Helicobacter pylori infection is an independent risk factor for colonic adenomatous neoplasms.Cancer Causes Control. 2017 02; 28(2):107-115.CC
Helicobacter pylori infection is considered to have a positive association with colorectal neoplasms. In this study, we evaluated the association between H. pylori infection and colorectal adenomas, based on the characteristics of these adenomas in Korea, where the prevalence of H. pylori infection is high and the incidence of colorectal cancer continues to increase.
The study cohort consisted of 4,466 subjects who underwent colonoscopy and esophagogastroduodenoscopy during screening (1,245 colorectal adenomas vs. 3,221 polyp-free controls). We compared the rate of H. pylori infection between patients with adenoma and polyp-free control cases, using multivariable logistic regression analysis.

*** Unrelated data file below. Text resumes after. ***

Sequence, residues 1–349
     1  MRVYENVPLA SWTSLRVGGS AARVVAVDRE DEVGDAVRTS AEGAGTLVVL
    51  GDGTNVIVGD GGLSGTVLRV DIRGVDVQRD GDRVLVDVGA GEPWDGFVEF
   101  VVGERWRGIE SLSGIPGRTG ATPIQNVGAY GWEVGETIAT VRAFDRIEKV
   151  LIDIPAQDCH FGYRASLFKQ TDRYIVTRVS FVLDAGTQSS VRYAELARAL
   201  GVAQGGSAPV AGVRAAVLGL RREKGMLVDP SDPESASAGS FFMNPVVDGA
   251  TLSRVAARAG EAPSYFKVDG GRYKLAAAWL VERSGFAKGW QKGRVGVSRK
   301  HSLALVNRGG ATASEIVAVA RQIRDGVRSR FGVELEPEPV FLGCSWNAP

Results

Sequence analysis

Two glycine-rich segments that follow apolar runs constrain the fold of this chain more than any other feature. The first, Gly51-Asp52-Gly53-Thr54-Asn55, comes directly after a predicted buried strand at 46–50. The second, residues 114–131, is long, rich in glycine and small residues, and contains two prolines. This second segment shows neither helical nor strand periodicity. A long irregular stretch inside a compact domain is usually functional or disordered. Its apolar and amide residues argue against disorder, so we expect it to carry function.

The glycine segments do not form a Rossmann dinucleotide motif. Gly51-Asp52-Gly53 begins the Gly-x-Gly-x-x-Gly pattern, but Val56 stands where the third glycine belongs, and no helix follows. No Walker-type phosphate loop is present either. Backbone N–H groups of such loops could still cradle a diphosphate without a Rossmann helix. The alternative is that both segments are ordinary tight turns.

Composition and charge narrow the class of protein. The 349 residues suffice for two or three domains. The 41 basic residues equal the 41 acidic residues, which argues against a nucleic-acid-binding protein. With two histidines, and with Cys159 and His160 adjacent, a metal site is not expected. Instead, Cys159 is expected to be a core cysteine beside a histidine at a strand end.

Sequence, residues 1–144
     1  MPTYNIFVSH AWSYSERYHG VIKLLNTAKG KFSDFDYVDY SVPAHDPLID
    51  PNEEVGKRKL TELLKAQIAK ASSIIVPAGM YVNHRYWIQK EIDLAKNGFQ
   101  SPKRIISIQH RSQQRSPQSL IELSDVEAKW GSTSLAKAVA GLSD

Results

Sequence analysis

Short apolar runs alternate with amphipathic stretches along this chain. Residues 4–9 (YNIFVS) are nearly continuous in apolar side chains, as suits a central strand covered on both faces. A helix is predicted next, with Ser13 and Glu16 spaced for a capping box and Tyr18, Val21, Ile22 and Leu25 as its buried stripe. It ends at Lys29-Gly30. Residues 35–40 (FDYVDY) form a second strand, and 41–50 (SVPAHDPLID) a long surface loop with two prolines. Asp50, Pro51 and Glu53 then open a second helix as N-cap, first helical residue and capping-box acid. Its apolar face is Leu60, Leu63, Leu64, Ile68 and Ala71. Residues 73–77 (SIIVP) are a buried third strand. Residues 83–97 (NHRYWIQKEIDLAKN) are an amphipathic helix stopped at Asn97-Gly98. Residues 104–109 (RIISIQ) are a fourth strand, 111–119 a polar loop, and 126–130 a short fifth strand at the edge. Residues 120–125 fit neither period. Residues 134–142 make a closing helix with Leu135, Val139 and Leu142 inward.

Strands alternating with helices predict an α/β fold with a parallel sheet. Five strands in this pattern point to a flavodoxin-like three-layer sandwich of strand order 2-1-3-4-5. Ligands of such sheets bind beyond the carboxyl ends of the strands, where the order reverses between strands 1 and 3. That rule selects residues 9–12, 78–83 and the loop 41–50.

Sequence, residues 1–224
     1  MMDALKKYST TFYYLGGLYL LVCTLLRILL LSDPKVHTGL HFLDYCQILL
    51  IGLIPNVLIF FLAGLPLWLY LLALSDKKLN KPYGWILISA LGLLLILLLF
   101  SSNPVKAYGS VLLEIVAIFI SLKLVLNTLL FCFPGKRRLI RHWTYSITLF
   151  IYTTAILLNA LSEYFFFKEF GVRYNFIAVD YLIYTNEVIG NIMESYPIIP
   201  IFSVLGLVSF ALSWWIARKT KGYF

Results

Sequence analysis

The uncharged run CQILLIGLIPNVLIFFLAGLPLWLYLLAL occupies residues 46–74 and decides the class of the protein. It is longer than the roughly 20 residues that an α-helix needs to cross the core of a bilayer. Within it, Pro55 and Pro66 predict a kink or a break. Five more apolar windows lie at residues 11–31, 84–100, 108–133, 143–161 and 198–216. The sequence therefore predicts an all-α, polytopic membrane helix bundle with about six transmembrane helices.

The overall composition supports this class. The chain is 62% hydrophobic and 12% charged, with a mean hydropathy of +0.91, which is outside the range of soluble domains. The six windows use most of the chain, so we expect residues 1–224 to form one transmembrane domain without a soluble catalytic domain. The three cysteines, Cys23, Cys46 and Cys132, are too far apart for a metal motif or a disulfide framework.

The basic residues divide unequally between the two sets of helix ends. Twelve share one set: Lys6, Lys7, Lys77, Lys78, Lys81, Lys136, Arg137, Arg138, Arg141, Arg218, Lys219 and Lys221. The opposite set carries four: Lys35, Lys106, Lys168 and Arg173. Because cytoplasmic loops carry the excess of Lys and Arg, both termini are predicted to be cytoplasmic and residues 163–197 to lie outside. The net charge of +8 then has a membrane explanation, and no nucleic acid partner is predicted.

The overall rate of positive H. pylori infection was higher in adenoma cases than in polyp-free control cases (55.0 vs. 48.5%, p < 0.001). The odds ratio (OR) of positive H. pylori infection in patients with adenoma compared to polyp-free controls was 1.28 (95% CI 1.11-1.47). The positive association of H. pylori infection with colorectal adenomas was more prominent in advanced adenomas (OR 1.84, 95% CI 1.25-2.70) and multiple adenomas (OR 1.72, 95% CI 1.26-2.35). Based on the location of these adenomas, the OR was significant only in patients with colonic adenomas (OR 1.31, 95% CI 1.13-1.52) and not in those with rectal adenoma (OR 0.85, 95% CI 0.58-1.24).
Helicobacter pylori infection is an independent risk factor for colonic adenomas, especially in cases of advanced or multiple adenomas, but not for rectal adenomas.